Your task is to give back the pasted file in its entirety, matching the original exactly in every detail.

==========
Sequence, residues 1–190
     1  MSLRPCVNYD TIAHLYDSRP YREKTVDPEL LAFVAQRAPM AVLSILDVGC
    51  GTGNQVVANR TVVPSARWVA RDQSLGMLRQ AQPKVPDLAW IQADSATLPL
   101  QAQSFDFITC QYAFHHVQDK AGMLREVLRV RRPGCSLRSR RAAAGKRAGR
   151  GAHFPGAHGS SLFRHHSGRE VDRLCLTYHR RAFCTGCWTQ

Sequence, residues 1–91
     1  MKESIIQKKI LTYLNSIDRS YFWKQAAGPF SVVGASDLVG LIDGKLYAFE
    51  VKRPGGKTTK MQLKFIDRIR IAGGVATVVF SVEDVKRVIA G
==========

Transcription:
Sequence, residues 1–190
     1  MSLRPCVNYD TIAHLYDSRP YREKTVDPEL LAFVAQRAPM AVLSILDVGC
    51  GTGNQVVANR TVVPSARWVA RDQSLGMLRQ AQPKVPDLAW IQADSATLPL
   101  QAQSFDFITC QYAFHHVQDK AGMLREVLRV RRPGCSLRSR RAAAGKRAGR
   151  GAHFPGAHGS SLFRHHSGRE VDRLCLTYHR RAFCTGCWTQ

Sequence, residues 1–91
     1  MKESIIQKKI LTYLNSIDRS YFWKQAAGPF SVVGASDLVG LIDGKLYAFE
    51  VKRPGGKTTK MQLKFIDRIR IAGGVATVVF SVEDVKRVIA G